Whether you're attending a sporting event, like a baseball game, or a concert, there are countless ways to find tickets online. But with all those options, you must be especially careful to avoid a ticketing scam.
Karen Meyer plans to take her family to a baseball game this summer. But she knows too many people who bought tickets from a reseller that didn't scan at the gate.
"I'm afraid to buy from people on the street," he said, "because I'm not sure with the price they're asking that I'm going to get a ticket that's valid in the stadium."
Matthew Terry also worries about getting burned, so he only buys from official sites.
"I just go onto the website, figure how many people are in my group, and then schedule online," he said.
How to protect yourself
Whether you're catching a game or a summer concert, Melanie McGovern with the Better Business Bureaureminds us that most venues only accept digital tickets nowadays.
So if a seller is offering a paper ticket, it may not be real or accepted at the entrance.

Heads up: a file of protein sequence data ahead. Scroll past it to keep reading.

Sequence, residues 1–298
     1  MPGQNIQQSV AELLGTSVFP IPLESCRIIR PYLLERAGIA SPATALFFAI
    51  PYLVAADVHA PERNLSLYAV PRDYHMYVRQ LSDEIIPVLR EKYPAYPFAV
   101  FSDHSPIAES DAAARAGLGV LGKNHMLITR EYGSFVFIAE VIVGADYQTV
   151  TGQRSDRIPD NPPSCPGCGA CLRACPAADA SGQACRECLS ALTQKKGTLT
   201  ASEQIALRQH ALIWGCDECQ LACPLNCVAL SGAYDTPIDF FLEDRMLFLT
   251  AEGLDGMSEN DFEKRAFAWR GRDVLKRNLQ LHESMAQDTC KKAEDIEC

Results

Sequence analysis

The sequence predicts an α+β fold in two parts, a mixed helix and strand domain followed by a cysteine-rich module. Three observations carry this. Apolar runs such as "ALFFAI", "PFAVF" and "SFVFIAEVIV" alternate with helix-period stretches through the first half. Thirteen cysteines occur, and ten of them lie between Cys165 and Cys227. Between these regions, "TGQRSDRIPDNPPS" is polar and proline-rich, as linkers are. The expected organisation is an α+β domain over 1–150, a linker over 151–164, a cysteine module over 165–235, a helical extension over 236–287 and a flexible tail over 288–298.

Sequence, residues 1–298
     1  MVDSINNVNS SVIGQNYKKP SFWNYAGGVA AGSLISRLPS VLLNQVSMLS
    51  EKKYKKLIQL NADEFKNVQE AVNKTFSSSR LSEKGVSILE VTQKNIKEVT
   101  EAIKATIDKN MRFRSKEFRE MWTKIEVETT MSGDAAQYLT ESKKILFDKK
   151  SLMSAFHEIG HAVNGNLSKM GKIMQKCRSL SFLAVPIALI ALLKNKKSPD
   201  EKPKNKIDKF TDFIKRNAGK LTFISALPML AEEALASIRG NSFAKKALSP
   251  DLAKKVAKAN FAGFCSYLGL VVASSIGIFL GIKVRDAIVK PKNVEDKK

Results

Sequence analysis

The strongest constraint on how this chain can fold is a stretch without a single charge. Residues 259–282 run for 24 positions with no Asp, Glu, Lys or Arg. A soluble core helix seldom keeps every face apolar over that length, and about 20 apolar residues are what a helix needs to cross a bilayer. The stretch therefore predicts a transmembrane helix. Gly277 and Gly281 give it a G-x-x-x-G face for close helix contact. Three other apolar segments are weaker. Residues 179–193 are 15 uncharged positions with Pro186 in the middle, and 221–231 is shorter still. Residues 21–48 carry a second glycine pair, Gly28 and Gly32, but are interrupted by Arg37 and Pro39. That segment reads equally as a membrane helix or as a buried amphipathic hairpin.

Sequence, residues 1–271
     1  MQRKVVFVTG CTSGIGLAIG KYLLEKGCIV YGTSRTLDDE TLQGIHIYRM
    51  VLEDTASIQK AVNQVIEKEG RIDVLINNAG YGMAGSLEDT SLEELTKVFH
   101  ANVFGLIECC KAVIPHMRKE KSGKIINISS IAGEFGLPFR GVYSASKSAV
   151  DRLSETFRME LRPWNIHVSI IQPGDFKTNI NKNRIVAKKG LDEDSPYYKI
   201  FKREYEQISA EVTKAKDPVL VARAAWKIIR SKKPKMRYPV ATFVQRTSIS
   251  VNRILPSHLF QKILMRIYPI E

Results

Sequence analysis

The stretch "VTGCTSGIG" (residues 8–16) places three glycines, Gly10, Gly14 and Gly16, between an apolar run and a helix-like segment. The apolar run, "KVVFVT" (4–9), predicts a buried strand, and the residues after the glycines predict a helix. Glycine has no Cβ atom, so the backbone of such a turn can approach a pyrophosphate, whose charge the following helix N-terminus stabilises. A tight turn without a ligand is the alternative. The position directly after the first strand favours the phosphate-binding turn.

"If they say, 'Hey, I'll just shoot you an email, and it's a PDF ticket,'" she warns, "a lot of times that is not the way it works anymore."
And be wary of screen grabs taken on someone's phone.
Tickets through sites like Ticketmaster will only appear when your phone is near the ticket reader at many venues. So screenshots, which might have worked five years ago, are a no-go.
McGovern also says to check the seating chart before buying from a resale site.
"We've seen fake tickets that didn't have rows and sections that didn't exist in the venue," she said of recent complaints.
McGovern says the safest way to buy tickets is to:
- Start with the venue first, which often will direct you to Ticketmaster.
- If you're using a secondary resale site, first check www.bbb.org to make sure it's a real business and to see how many complaints the site has.
- Know exactly how the ticket is being delivered to you.
- And find out whether it comes with protection. Some third-party sites provide guarantees against fraudulent tickets, while others do not.
Lastly, she says to watch for fake look-alike websites, such as sites that look like Ticketmaster, but are not really the official site.
That way, you know you are getting legitimate tickets for your summer event, and don't waste your money.
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